Wage Bias Law Will Burden Employers, Some Say

By Judy Greenwald

Jan. 30, 2009

On January 29, President Barack Obama signed a bill that will ease time limits on wage discrimination claims and could lead to increased litigation and administrative headaches for many employers, observers say.

The Lilly Ledbetter Fair Pay Act of 2009, which reverses a 2007 Supreme Court decision, provides that every paycheck resulting from an earlier discriminatory pay decision constitutes a violation of Title VII of the Civil Rights Act of 1964 as well as the Age Discrimination in Employment Act, the Americans with Disabilities Act and the Rehabilitation Act.

The Supreme Court had ruled in Ledbetter v. Goodyear Tire & Rubber Co. that plaintiffs alleging illegal pay discrimination under Title VII must file a complaint within 180 days of receiving the first discriminatory paycheck.

Under the law, as long as workers file charges within 300 or 180 days of a discriminatory paycheck, depending on the state where they live, their charges would be considered timely. The law will be retroactively effective as of May 28, 2007, which is the day before the Ledbetter decision.

Thomas H. Christopher, an attorney with Kilpatrick Stockton in Atlanta, says, “Employers are going to have to look carefully at their compensation decisions and make sure that they are not affected by some past discriminatory history, because the new law would give employees considerably greater leeway to look back on what has happened in the past.”

Advocates of the law say it will only return matters to where they were before the Supreme Court ruling. The law is “a modest fix for changing back the law to what it was before the Supreme Court decision,” says Sharyn Tejani, senior political advisor with the Washington-based National Partnership for Women & Families.

“That’s a common refrain,” responds Michael Layman, manager of employment and labor policy at the Alexandria, Virginia-based Society for Human Resource Management. But, he adds, “There were circuit disputes prior to the Ledbetter decision” on the issue of when discriminatory compensation claims can be filed, “which is one of the reasons the Supreme Court granted cert to the case.”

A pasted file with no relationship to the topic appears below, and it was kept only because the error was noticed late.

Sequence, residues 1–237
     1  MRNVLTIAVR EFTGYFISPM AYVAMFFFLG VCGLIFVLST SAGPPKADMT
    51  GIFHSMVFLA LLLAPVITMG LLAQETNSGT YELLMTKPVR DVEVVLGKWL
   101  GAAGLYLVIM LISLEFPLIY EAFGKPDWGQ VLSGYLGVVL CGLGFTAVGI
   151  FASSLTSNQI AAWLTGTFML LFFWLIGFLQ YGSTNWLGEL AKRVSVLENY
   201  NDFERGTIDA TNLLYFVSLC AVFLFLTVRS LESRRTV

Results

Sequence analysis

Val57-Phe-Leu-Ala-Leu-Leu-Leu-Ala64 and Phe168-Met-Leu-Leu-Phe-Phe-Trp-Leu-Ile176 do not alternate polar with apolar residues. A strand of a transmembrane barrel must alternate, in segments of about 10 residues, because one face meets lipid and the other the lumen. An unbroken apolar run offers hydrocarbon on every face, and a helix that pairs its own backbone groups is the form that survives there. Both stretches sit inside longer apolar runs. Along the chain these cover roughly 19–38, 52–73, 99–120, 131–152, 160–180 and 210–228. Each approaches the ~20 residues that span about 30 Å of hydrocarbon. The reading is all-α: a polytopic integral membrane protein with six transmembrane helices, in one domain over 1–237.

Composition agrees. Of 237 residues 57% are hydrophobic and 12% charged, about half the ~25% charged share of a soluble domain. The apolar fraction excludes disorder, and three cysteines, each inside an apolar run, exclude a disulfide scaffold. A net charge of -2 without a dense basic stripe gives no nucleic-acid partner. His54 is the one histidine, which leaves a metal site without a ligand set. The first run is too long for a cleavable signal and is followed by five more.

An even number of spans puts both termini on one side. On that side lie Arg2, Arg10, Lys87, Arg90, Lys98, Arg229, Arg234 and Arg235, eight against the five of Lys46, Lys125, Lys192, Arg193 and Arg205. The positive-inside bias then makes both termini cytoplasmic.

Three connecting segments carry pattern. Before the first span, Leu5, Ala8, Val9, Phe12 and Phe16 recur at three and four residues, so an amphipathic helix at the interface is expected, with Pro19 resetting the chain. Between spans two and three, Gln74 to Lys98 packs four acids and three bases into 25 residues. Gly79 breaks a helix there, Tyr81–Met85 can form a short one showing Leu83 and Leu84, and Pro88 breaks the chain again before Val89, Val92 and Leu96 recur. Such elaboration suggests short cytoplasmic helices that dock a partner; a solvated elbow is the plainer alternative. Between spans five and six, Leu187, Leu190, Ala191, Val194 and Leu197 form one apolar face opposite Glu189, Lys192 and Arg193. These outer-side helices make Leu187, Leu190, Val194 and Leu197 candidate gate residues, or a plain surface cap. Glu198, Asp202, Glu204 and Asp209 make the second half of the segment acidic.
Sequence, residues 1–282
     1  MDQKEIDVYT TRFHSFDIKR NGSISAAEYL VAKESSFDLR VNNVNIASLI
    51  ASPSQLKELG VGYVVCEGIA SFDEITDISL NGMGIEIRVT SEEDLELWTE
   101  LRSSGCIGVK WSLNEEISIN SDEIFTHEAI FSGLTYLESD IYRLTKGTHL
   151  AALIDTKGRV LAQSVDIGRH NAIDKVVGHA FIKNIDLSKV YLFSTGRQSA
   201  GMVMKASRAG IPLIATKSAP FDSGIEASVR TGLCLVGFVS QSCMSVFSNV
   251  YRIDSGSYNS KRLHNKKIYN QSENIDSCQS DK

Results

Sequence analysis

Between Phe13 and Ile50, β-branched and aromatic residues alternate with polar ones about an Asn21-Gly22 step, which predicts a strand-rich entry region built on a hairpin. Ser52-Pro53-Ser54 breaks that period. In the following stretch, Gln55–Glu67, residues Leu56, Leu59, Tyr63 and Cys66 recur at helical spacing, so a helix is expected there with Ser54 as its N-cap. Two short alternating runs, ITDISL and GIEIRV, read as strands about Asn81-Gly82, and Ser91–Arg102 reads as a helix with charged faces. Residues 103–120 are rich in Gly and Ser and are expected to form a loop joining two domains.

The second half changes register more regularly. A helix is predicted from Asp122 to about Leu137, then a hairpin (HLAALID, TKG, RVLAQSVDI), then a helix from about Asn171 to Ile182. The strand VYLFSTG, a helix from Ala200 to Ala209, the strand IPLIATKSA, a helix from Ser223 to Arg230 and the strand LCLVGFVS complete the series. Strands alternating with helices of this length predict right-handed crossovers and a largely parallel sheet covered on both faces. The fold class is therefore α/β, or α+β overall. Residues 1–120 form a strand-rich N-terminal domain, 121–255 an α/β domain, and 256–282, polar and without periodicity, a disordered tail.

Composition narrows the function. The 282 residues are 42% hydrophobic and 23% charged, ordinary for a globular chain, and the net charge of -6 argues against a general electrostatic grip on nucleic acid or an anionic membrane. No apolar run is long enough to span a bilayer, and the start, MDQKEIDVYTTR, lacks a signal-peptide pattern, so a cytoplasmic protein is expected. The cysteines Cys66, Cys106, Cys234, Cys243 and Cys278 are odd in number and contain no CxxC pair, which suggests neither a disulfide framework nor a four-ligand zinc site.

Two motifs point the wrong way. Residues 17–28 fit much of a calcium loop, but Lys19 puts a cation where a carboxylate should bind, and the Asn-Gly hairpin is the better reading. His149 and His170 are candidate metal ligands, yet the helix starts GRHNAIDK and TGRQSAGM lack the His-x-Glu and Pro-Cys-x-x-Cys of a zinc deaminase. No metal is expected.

Many observers say the law will mean increased litigation and administrative problems for employers. Richard Gisonny, a principal with Towers Perrin in Valhalla, New York, says, “It will lead to an increase in costly litigation, and that would come in the midst of a difficult economic climate” where many companies are laying off employees “and trying to stay in business.”

Lawrence Z. Lorber, an attorney with Proskauer Rose in Washington, agrees that litigation is likely to increase. “They’re removing the statute of limitations and adopting a very liberal paycheck policy,” he says.

There is “no question the Ledbetter decision cut off not just pay cases, but basically any type of discrimination cases” in which plaintiffs felt they were suffering from alleged discriminatory actions that occurred more than two years in the past, says Christopher J. McKinney of the McKinney Law Firm in San Antonio.

“Plaintiffs now have every incentive to dredge up old pay disputes and to label them discriminatory,” says Marc L. Fleischauer, an attorney with Porter Wright Morris & Arthur in Columbus, Ohio.

The law increases the potential for old claims with long look-back periods that employers may find difficult to defend if people involved in the decisions have either moved on or don’t recall the details, says Richard I. Greenberg, an attorney with Jackson Lewis in New York.

Amy Kohn, a consultant with Hewitt Associates in Lincolnshire, Illinois, says another concern is that the law says it is applicable “when an individual is affected” by a discriminatory compensatory decision.

This “suggests someone like a family member would have the right to file a claim, which seems counterintuitive, because family members are not subject to the discriminatory decision in the first place,” Kohn says. “That would extend the reach of the law.”

The law also will create administrative headaches, observers say.

Jonathan T. Hyman, an employer attorney with Kohrman Jackson & Krantz in Cleveland, says that from a records-retention standpoint, employers will not “know when a decision can’t be challenged,” nor when they can get rid of documents. “It’s really going to create a huge administrative burden on companies,” he says.

Judy Greenwald writes for Business Insurance, a sister publication of Workforce Management.

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